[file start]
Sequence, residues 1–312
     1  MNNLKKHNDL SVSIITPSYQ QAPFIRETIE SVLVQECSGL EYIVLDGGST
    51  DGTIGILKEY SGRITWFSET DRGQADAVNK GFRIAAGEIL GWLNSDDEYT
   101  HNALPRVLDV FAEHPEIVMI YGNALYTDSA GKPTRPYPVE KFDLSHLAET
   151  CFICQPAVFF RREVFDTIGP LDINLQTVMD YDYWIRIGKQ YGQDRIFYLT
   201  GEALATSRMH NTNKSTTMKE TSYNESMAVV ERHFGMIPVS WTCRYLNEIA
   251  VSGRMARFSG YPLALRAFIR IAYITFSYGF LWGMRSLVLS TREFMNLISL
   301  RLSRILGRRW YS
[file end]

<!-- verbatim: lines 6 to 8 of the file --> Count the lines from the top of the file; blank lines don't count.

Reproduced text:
   201  GEALATSRMH NTNKSTTMKE TSYNESMAVV ERHFGMIPVS WTCRYLNEIA
   251  VSGRMARFSG YPLALRAFIR IAYITFSYGF LWGMRSLVLS TREFMNLISL
   301  RLSRILGRRW YS